“Both, if possible; the maid in any case. But you must be sure that she is alone when you approach her. Then say merely the name ‘Sophie Botta,’ and she will listen quietly to what you have to say. Then show her this ring,—here, put it on your left thumb”—he drew the steel ring from his own thumb and slipped it on to Satan Laczi’s,—“and say, ’The person who wears this ring sent me to fetch you away from here. You are to come with me at once.’”
“And where am I to take her?”
“You will have a carriage with four swift horses at the park gate nearest the cemetery, and must drive with the maid to Raab.—Don’t stop on any account until you get there. In Raab you will inquire for the house of Dr. Tromfszky, who is our army physician. He will have been advised of your coming, and will take charge of the maid. Then you will return to me here, and report what you have done. Here is a passport; if you are stopped at our lines show it to the guard. And here is a purse; don’t spare the contents. And do not speak to a living soul about your mission.”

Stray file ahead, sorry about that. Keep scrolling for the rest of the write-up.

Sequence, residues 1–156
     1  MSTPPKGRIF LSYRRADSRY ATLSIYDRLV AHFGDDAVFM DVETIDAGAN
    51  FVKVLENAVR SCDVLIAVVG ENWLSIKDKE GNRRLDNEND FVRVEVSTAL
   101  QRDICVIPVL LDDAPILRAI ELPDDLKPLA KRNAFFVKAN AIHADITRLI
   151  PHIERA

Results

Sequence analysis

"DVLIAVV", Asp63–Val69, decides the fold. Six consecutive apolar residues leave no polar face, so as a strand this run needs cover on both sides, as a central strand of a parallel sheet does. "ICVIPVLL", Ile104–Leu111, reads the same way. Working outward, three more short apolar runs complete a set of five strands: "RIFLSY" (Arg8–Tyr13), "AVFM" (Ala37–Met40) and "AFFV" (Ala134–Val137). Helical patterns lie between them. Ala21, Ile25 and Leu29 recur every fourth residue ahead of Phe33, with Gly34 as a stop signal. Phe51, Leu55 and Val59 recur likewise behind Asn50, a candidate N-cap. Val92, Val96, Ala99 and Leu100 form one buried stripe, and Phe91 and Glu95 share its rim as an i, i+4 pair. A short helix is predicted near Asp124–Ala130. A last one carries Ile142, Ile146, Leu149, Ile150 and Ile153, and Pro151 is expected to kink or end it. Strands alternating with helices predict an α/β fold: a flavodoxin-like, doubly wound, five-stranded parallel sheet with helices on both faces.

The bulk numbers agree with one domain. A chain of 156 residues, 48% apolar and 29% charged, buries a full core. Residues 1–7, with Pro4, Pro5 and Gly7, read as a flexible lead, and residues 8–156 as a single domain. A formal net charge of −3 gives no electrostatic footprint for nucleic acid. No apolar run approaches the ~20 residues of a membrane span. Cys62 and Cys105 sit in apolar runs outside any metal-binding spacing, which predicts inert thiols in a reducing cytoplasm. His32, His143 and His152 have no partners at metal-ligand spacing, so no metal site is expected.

“Your orders shall be obeyed,” responded Satan Laczi, as he turned to leave the tent.
Vavel did not go back to the officers’ tent. He went out into the night, and stood with folded arms, gazing with unseeing eyes into the darkness.
KATHARINA OR THEMIRE?
It was a delightful May evening. Marie was practising diligently her piano lesson, in order to surprise Ludwig with her progress when he should return from the war. That he would return Marie was quite certain.
Katharina had gone into the park for a solitary promenade. She had complained all day of a headache—a headache that began to trouble her after she had read the letter she had received that morning from the Marquis de Fervlans. She held the letter in her hand now, and read it again for the hundredth time.
Yes, she had accomplished her mission successfully; the fugitive maid and the important documents were in her possession; and yet her trembling hand refused to grasp the promised reward. A fortune awaited her for the comedy she had played with such success—a comedy in which she had acted the part of the charitable lady of the manor.
And what if there had been something of reality in the farce? Suppose her heart had learned to thrill with emotions hitherto unknown to it? Suppose it had learned to know the true meaning of gratitude—of love?
But five millions of francs!
If she were alone in the world! But there was Amelie, her dear little daughter, who was now almost fifteen years old—almost a young lady. Should she leave Amelie in her present disagreeable position, a member of “Cythera’s Brigade,” or should she send for her, and confess to the man whose respect she desired to retain that the child was her daughter, and that she was a widow? Could she tell him what she had once been? Would he continue to respect, to love her?